- Chapped or cracked lips
- Dry mouth
- Less frequent visits to the washroom
So mamas, rather than going through all the side effects of not drinking enough water on your body, drink to thirst.
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How to Keep yourself Hydrated While Breastfeeding?
‘Thirst’ is the best indicator that you need to listen to stay hydrated while breastfeeding. Moms do get carried away while taking care of their babies and forget to drink enough water even when they feel thirsty.
But remember to drink water when thirsty is not hard. Even nature tells you to drink more water when you are breastfeeding.
When you start your nursing session, you may feel more thirsty. This thirst cue is naturally triggered by the oxytocin hormone, released during breastfeeding.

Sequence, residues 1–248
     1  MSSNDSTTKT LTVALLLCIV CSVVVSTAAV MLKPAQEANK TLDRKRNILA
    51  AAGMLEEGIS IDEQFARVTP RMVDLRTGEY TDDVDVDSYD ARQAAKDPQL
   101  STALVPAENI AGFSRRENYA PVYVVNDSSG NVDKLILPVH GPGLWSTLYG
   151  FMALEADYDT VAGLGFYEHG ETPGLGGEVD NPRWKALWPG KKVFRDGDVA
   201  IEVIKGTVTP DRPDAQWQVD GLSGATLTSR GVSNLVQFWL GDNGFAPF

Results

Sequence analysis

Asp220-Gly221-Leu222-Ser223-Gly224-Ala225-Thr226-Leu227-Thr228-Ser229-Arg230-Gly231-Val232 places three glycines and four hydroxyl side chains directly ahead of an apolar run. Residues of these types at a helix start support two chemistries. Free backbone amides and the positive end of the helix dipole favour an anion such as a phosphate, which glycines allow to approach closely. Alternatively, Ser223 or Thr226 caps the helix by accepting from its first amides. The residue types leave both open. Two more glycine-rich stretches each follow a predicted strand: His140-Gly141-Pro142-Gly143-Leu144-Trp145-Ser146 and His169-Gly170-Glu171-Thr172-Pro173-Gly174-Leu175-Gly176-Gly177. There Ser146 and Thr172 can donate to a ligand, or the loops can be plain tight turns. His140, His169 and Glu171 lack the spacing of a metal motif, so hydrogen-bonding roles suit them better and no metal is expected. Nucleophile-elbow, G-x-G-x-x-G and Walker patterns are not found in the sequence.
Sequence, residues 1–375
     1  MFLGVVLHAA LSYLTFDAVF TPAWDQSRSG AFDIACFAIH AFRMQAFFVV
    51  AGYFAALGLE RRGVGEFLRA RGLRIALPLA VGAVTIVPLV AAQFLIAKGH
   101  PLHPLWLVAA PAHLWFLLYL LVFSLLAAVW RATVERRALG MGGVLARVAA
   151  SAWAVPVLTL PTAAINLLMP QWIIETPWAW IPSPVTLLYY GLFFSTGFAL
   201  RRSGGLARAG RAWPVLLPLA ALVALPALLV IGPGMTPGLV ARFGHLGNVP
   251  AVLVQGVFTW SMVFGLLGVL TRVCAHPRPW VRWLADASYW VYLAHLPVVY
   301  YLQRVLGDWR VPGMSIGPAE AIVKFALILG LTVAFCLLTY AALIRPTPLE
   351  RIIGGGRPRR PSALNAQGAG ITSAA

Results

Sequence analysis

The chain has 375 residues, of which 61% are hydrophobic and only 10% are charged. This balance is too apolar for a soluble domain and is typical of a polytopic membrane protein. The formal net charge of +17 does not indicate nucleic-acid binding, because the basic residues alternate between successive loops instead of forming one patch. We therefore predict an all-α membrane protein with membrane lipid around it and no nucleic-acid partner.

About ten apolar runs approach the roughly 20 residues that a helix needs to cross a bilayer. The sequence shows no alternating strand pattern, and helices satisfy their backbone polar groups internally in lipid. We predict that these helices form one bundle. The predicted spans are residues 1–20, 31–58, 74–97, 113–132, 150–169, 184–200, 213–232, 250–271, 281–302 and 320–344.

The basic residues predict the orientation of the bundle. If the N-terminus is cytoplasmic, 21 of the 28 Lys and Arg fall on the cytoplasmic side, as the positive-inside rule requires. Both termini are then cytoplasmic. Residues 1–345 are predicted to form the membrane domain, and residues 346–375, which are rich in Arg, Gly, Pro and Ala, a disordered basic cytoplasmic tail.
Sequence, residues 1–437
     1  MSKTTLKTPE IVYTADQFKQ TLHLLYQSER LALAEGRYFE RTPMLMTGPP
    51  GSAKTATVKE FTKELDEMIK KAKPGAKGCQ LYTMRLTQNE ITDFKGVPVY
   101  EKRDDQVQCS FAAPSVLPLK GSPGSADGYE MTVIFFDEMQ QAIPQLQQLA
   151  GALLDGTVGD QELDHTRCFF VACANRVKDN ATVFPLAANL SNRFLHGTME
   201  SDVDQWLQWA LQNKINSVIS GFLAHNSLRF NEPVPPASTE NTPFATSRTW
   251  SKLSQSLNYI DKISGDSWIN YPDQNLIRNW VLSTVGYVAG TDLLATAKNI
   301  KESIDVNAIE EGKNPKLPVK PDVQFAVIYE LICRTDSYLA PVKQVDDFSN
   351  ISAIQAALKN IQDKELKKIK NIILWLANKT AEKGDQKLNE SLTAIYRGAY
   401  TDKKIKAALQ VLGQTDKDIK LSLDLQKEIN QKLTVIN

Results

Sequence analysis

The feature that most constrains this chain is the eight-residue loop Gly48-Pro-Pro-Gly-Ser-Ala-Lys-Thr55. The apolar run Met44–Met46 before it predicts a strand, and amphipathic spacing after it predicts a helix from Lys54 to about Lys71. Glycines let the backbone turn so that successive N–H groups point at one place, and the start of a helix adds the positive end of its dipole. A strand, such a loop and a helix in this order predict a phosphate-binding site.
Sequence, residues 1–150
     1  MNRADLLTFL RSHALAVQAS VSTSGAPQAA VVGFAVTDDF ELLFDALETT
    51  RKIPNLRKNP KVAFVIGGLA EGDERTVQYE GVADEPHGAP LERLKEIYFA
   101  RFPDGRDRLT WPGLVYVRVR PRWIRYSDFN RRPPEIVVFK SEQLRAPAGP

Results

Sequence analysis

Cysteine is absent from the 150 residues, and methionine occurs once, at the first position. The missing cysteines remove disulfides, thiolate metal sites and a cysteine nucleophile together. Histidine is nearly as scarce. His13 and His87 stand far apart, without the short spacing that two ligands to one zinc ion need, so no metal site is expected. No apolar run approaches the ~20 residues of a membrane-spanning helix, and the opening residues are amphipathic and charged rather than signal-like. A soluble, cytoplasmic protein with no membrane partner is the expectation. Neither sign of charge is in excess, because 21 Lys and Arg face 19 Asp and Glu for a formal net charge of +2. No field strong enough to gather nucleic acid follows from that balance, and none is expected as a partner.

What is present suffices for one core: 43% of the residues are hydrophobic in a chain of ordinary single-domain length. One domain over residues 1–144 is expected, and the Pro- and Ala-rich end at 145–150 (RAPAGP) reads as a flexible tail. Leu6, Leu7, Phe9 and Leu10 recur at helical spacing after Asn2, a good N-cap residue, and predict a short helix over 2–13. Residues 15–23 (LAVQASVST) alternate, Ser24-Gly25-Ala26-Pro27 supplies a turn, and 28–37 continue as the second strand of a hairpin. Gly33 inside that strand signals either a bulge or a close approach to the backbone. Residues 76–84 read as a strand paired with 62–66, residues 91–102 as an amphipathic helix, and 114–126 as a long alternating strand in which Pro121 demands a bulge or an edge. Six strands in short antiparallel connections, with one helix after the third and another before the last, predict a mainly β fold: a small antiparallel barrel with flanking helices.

Some breastfeeding moms do complain that they do not like drinking water. You will be glad to know that your fluid needs for the day don’t all need to come from water. Water is always best, but you can go for alternatives Beverages that not only satisfy your thirst but also work as a milk booster.
And whatever you drink (milk, tea, juice) and eat (water-rich fruits and vegetables throughout the day, will counts to your overall fluid intake.
Can I drink Sparkling Water while Breastfeeding?
Yes, you can. But watch out for a high amount of sodium in that. If you are drinking lots of it and not the other fluid, it may lead to a high level of sodium in your breast milk. And sodium is not good for your baby’s digestive tract.
If you want to carbonated water, use the Soda stream. You can make your carbonated water without worrying about extra sodium.
But do avoid fizzy drinks, as it can make you feel bloated and full, keeping you away from drinking enough fluid for the day.
Should you give your Baby Water along with Breast milk to stay Hydrated?